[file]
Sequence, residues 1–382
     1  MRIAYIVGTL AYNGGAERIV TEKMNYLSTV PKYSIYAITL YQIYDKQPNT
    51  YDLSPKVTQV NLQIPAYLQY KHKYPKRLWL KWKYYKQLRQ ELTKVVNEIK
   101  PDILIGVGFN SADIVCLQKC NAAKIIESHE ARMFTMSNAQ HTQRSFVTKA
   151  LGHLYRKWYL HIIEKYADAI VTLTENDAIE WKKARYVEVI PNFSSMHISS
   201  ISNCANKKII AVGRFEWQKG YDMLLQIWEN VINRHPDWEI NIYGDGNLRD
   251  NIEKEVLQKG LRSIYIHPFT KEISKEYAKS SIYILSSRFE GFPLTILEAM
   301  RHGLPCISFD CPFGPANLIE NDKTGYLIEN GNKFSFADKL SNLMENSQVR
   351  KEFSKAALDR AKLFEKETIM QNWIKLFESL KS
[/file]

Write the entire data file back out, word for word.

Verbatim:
Sequence, residues 1–382
     1  MRIAYIVGTL AYNGGAERIV TEKMNYLSTV PKYSIYAITL YQIYDKQPNT
    51  YDLSPKVTQV NLQIPAYLQY KHKYPKRLWL KWKYYKQLRQ ELTKVVNEIK
   101  PDILIGVGFN SADIVCLQKC NAAKIIESHE ARMFTMSNAQ HTQRSFVTKA
   151  LGHLYRKWYL HIIEKYADAI VTLTENDAIE WKKARYVEVI PNFSSMHISS
   201  ISNCANKKII AVGRFEWQKG YDMLLQIWEN VINRHPDWEI NIYGDGNLRD
   251  NIEKEVLQKG LRSIYIHPFT KEISKEYAKS SIYILSSRFE GFPLTILEAM
   301  RHGLPCISFD CPFGPANLIE NDKTGYLIEN GNKFSFADKL SNLMENSQVR
   351  KEFSKAALDR AKLFEKETIM QNWIKLFESL KS